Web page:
Wednesday, February 5, 2014

"Wounded on the Battlefield"

Last year BYU-Idaho released a short video (4 min) called "Wounded on the Battlefield".  The narration for the video is taken from an address given by Kim B. Clark to the student body of the University on January 15, 2008 in the weekly devotional. The video motivates and encourages students to help their roommates who struggle with pornography to get the help they need to overcome the problem.  Since being posted to Youtube, this video has received a lot of national attention, negative national attention. From newspapers, to online opinion articles, to Jay Leno; everyone seems to either disagree with the message of the video or be offended by the metaphor President Clark made between pornography addiction and being wounded in a war. Many are angry that he would draw that parallel because pornography is accepted by society as "normal" and is seemingly harmless, whereas war is a tragedy in which lives are lost and families and nations are torn apart.

I want to explain why comparing pornography addiction to war is a perfect metaphor.

First off, it needs to be understood that while pornography might be considered "normal" because so many people are involved, it is not harmless. I'm going to say that again: Pornography is NOT HARMLESS.

In an article published in 2011 by the US National Library of Medicine, the neurological effects of pornography were discussed as it relates to the chemical, pathological, and anatomical changes it creates in the brain. Through several studies they have concluded that pornography overloads the brain with dopamine and oxytocin (chemicals), to the point that it reduces the amount of certain cells your brain produces. The cells it tells your brain to stop producing? They are the ones that allow you to make strategic/planned/thought out decisions, leaving you only with the cells that produce impulsive decisions. These studies show that the exact same thing happens in the brains of people with addictions to cocaine, methamphetamine, and even eating disorders.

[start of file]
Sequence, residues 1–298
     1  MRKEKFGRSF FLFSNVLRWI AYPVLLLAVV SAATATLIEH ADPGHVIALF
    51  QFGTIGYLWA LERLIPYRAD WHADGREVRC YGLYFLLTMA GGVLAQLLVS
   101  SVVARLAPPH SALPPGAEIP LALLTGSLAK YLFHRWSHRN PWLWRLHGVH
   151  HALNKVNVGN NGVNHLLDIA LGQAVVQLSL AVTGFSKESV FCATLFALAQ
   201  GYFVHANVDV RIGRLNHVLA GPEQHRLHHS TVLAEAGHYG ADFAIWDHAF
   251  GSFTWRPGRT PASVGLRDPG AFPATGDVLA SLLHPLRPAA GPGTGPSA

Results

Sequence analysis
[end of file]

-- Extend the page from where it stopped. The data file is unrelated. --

Why is this a problem?

It literally destroys your brain's ability to make rational choices. It takes away your freedom to decide what to do, because it takes away your brain's ability to even produce rational thoughts, let alone act on them. Most people have read the book 1984 for some kind of class in school. I'm pretty sure that if our government was run in the same manner the government in 1984 was run that it would cause a furious revolution. People in general don't like to be controlled. The reason I bring up 1984 is because in this story the government has a department that edits the dictionary to remove words that provoke certain thoughts. The reason? To keep people from even thinking about something that the government doesn't like. They are stopping the ability to produce certain thoughts. If the idea of a government regulating what people as a group are allowed to think is disgusting to us, why is it that allowing pornography to do the same thing on an individual basis is considered "normal" and/or "harmless"?

The same article from the US National Library of Medicine provides a possible answer:

"The sex industry has successfully characterized any objection to pornography as being from the religious/moral perspective; they then dismiss these objections as First Amendment infringements. If pornography addiction is viewed objectively, evidence indicates that it does indeed cause harm in humans"

So why do we accept what the sex industry suggests is legal under the First Amendment so readily, if it is so harmful? It is because the chemicals that pornography produces in the brain (the same ones that overload it to the point of not being able to produce rational thoughts) effect the pleasure/reward center; it makes you feel good immediately - at least, the first few times. Your brain recognizes that this chemical overload is bad for you, and actually fights the ability to be affected by those chemicals.

Did you catch that? Your brain naturally fights/rejects what pornography does to it.